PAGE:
By Omair Ali

Source: World Health Organization

The pandemic has brought immense chaos, uncertainty, and disease worldwide, but Niger has been fortunate to have experienced only a small COVID-19 outbreak so far. As of October 19, 2020, there have been 1,210 confirmed cases of COVID-19, 69 deaths, and 14 active, mild cases [1,2], which is remarkable considering the nation has a population of 22 million. Niger has only seen 100 new cases since July 22nd, and there have been no new COVID-related deaths since July 17th, highlighting the success of social distancing and quarantine measures. Other countries in the region haven’t been as fortunate. For example, Nigeria has had over 50,000 cases and more than 1,000 deaths. Niger’s low case count and death rate highlight the effectiveness of measures to prioritize the prevention and treatment of COVID-19.

Containment Measures Have Been Very Effective

Given the abrupt growth of the coronavirus pandemic in March and April, Nigeriens had to quickly engineer an appropriate response to the rise in cases. Fortunately, they had key health partners who have provided logistical and on-the-ground support to assure adequate treatment, quarantining measures and prevention of COVID-19 spread. For instance, UNICEF trained healthcare workers to manage COVID-19 patients clinically and provide psychosocial services. Further, UNICEF promoted water, sanitation, and hygiene (WASH) services and information to ensure better compliance with safety precautions [3].

Perhaps the most effective containment strategies have been the strict travel restrictions, curfews, and crowd restrictions that were implemented early on [4]. During the outbreak, strict quarantine measures have limited migrant travel. These efforts have largely mitigated COVID-19 spread among migrants, but a 14-day quarantine further stressed migrants [5]. The shutdown seems to have stabilized the outbreak. As of October 19, 10 days have gone by without a new case. However, the economic consequences of these measures for the remainder of 2020 have yet to be realized, and new events threaten Niger’s ability to be COVID-free.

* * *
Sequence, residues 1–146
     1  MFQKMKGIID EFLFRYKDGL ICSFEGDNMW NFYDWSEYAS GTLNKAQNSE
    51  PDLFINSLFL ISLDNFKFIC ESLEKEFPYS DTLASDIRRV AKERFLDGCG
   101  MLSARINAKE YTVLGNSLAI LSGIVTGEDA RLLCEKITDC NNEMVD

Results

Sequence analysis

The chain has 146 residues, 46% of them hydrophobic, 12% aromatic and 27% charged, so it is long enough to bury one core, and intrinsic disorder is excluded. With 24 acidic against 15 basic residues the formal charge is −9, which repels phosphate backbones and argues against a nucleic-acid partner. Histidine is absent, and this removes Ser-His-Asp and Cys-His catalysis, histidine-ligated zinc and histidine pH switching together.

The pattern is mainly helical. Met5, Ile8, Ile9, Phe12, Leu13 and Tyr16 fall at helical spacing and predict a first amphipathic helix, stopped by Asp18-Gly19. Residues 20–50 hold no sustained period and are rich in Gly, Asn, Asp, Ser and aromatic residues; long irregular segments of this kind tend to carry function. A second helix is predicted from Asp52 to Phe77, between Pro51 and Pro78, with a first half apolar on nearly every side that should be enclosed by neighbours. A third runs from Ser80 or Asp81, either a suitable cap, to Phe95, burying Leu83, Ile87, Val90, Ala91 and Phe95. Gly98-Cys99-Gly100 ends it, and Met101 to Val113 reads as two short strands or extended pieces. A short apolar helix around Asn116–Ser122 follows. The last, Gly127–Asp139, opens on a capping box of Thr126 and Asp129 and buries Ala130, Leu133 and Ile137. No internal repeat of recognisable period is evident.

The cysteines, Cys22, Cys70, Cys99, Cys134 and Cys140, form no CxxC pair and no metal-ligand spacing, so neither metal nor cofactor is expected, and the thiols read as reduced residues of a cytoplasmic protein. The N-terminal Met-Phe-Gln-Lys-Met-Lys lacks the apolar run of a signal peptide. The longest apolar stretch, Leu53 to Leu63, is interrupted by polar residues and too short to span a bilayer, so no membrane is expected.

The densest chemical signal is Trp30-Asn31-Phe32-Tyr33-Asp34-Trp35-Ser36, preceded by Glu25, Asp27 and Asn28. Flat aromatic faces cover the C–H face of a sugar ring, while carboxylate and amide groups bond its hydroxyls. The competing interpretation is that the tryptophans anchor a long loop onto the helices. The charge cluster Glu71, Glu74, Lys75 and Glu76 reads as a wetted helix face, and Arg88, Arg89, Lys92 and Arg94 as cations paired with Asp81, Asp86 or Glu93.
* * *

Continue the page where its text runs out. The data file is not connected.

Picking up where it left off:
Challenges to COVID-19 Containment Remain

In recent weeks, there have been new concerns about containing the COVID-19 outbreak. Migrants from Burkina Faso and Nigeria have been fleeing instability from the Boko Haram crises and some have traveled to Niger in search of safety [6]. At the same time, smugglers in Niger have continued to traffic migrants, who are often abandoned and left at the mercy of a desert climate where temperatures can exceed 100 degrees Fahrenheit [7,8]. Fortunately, some migrants have been rescued by the International Organisation for Migration (IOM) and have been sheltered and quarantined. As regional violence continues to displace communities, safely managing the influx of migrants will be an ongoing challenge for Nigeriens.

Additionally, recent torrential downpours and rainy season floods have devastated communities, and as many as 432,000 Nigeriens have been displaced by the storms [9,10]. Displacement of this scale is especially concerning as it can lead to crowding and poor sanitation. However, early efforts to provide socially-distanced shelter and provisions to affected families could help Niger avoid a new outbreak in the future.

Because of the ongoing water crisis in Niger, countless communities don’t have reliable access to clean water and consequently, they are more vulnerable to disease, including COVID-19. Wells Bring Hope continues to address these challenges by drilling deep wells to access clean water reservoirs and training communities to ensure the long-term sustainability of their wells.

You can help address Niger’s water crisis by donating to Wells Bring Hope today!


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